On your left: historical materialism in the 1990s

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New York University Press, 1996 - Health & Fitness - 278 pages
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In these spirited and powerfully written essays, a new generation of intellectuals makes its mark, challenging conservatives and liberals alike to chart a new course for a responsible politics in contemporary society. A new intellectual movement on the left emerges here. No longer trapped by the old polarizing antagonism between Marxism and feminism, these authors demonstrate as never before the need for an awaremess of gender as it affects every aspect of our society. At the same time, these paradigmatic essays map out a new terrain for feminist thinking, one that fully recognizes the complex workings of gender and leaves oppositional feminism far behind. In the keynote essay, Ambivalence as Alibi, Rosemary Hennessy challenges the most basic assumptions of postmodern sophistication to forge a compelling sytheseis of political, economic, and artistic theory. Betty Joseph, Jennifer Brody, and Poonam Pillai break through the shibboleths of Western liberal tolerance to describe gender inequalities that are intrinsically inter-cultural. Eileen Cleere demonstrates that novels are an important source for understanding how people interpret the economic conditions in which they live, linking social history and literary criticism in a provocative new way. Bridget Elliott uncovers the unusual social and artistic imagination of Marie Laurencin, an artist who was both working-class and avant-garde, and who makes us rethink basic assumptions of artistic form in the visual representation of women. Laura Lyons, analyzing the no-wash protest among IRA prisoners, discovers a new kind of political protest that draws on performance art and the discourse of the body for its political symbolism. And Joseph Litvak, in a highly suggestive critical reading, makes us wonder if the New Historicism may possibly owe its greatest debt to the charming young men of Jane Austen's fictitious world. >[ go to the Genders website ]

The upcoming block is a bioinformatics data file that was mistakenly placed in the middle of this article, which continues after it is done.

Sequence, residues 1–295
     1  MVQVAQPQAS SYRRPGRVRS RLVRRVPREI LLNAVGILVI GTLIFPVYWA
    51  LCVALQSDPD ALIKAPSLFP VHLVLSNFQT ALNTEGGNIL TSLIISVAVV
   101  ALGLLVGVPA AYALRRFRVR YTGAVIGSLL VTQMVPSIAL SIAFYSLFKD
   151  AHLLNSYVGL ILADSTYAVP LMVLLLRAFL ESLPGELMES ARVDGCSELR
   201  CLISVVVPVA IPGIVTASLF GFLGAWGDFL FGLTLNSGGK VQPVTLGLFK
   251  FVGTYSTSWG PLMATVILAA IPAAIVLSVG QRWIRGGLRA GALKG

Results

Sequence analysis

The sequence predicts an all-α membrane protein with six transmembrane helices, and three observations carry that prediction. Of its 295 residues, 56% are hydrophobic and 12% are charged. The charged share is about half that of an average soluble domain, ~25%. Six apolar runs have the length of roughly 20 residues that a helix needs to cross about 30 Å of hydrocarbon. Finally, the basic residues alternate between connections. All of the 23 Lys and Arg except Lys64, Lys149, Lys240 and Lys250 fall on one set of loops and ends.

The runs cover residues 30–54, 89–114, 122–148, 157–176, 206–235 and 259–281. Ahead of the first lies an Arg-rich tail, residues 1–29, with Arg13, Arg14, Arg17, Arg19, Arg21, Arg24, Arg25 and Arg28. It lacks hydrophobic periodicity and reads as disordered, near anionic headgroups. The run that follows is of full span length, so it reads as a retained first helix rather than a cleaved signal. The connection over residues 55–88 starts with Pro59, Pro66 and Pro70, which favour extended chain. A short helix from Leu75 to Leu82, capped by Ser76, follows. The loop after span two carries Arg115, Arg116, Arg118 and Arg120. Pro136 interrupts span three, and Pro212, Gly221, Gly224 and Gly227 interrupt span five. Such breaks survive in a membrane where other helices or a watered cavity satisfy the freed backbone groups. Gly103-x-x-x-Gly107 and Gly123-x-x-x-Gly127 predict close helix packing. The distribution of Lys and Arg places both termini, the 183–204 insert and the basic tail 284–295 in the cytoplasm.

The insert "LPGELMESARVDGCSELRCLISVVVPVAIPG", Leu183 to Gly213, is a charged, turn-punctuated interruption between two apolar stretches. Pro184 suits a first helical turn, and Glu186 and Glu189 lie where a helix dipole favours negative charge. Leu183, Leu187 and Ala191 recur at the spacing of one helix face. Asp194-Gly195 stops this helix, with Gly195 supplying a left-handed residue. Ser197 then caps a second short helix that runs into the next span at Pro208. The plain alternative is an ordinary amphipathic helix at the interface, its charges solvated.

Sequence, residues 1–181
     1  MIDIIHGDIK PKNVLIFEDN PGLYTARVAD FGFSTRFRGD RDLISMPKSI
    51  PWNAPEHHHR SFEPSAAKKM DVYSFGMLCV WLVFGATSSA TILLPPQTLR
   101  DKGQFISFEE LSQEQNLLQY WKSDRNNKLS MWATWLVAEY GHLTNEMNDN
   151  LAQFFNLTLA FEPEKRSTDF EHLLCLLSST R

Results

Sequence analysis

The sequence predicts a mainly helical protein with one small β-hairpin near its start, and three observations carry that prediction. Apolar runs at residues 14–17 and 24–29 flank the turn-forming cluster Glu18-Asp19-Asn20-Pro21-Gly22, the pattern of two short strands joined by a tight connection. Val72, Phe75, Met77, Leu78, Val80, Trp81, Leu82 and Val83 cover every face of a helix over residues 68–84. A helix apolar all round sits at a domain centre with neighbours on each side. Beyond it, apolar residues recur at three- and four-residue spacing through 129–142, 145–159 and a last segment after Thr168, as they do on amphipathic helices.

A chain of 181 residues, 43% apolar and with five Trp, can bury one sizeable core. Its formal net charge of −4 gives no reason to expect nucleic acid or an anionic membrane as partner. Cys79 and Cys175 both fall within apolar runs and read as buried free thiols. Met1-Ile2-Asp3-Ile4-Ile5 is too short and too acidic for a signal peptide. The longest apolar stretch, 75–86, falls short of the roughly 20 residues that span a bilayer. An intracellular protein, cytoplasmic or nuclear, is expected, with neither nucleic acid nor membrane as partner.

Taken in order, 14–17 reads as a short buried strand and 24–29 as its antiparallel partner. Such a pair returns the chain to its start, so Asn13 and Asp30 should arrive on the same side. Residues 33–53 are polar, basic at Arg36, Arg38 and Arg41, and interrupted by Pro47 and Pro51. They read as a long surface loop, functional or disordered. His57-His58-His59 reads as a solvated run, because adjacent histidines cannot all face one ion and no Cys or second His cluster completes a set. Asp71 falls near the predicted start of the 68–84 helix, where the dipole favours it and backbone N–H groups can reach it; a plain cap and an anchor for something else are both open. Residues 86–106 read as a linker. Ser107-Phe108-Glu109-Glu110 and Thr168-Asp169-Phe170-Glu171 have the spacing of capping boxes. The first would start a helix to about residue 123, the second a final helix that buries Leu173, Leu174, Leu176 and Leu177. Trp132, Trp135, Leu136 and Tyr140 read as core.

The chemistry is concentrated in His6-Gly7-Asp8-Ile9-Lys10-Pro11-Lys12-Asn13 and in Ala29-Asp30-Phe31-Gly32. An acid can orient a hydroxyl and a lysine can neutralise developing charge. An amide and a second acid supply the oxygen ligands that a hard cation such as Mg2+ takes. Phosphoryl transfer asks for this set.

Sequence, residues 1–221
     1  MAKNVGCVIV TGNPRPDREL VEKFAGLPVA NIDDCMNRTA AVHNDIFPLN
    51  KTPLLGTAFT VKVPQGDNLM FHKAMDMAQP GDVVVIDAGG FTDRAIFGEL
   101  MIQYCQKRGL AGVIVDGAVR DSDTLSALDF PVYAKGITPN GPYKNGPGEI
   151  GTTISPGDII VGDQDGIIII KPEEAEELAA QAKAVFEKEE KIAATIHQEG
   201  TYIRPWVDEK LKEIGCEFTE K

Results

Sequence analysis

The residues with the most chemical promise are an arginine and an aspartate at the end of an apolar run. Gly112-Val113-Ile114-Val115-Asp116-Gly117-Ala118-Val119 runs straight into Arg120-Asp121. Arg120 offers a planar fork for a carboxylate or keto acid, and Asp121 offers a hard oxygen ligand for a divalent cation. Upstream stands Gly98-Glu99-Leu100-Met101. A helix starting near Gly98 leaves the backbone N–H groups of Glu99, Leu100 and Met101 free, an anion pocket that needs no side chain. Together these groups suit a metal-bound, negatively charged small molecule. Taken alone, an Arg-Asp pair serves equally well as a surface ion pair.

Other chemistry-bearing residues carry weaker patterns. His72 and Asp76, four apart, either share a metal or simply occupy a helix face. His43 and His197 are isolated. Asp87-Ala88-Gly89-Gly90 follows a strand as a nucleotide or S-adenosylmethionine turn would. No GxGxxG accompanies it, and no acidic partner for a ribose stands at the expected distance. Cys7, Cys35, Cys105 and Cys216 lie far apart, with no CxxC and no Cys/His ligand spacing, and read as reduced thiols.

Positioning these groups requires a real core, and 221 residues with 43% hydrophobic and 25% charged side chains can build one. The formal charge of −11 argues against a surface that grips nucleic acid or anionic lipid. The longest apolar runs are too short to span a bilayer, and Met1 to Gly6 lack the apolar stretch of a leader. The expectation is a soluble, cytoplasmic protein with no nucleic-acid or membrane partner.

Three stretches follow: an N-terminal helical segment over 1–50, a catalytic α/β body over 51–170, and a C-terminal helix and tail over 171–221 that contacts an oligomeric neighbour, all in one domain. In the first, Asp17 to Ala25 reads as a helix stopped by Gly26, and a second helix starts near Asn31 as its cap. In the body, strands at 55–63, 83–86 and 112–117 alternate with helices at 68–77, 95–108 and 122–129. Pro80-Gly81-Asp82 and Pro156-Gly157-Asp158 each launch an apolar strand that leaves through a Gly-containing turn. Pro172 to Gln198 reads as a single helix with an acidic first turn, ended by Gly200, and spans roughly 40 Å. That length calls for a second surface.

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Contents

Mutations of the Imperial Contract
35
The Strength of the Weak as Portrayed by Marie Laurencin
69
The Dirty Women
110
Fat Fertility and Family
150
Black Womens Subjectivity
184
Charming Men Charming History
248
Contributors
275
Copyright

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About the author (1996)

Ann Kibbey is Associate Professor of English at the University of Colorado, Boulder and founding editor of Genders. She teaches cultural studies and is the author of The Interpretation of Material Shapes in Puritanism: A Study of Rhetoric, Prejudice, and Violence.

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